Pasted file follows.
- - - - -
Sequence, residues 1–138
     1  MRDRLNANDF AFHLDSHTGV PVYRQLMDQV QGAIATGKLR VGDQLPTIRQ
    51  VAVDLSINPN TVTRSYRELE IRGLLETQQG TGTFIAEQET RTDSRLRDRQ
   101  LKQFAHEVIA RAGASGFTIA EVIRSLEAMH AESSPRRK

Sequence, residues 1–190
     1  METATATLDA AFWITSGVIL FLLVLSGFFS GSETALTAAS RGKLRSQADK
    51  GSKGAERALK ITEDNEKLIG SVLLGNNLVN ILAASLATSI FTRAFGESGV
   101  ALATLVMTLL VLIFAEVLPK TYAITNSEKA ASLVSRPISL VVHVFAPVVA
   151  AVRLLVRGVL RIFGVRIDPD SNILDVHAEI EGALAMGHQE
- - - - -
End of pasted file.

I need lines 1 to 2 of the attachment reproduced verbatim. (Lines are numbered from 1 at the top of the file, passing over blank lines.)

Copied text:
Sequence, residues 1–138
     1  MRDRLNANDF AFHLDSHTGV PVYRQLMDQV QGAIATGKLR VGDQLPTIRQ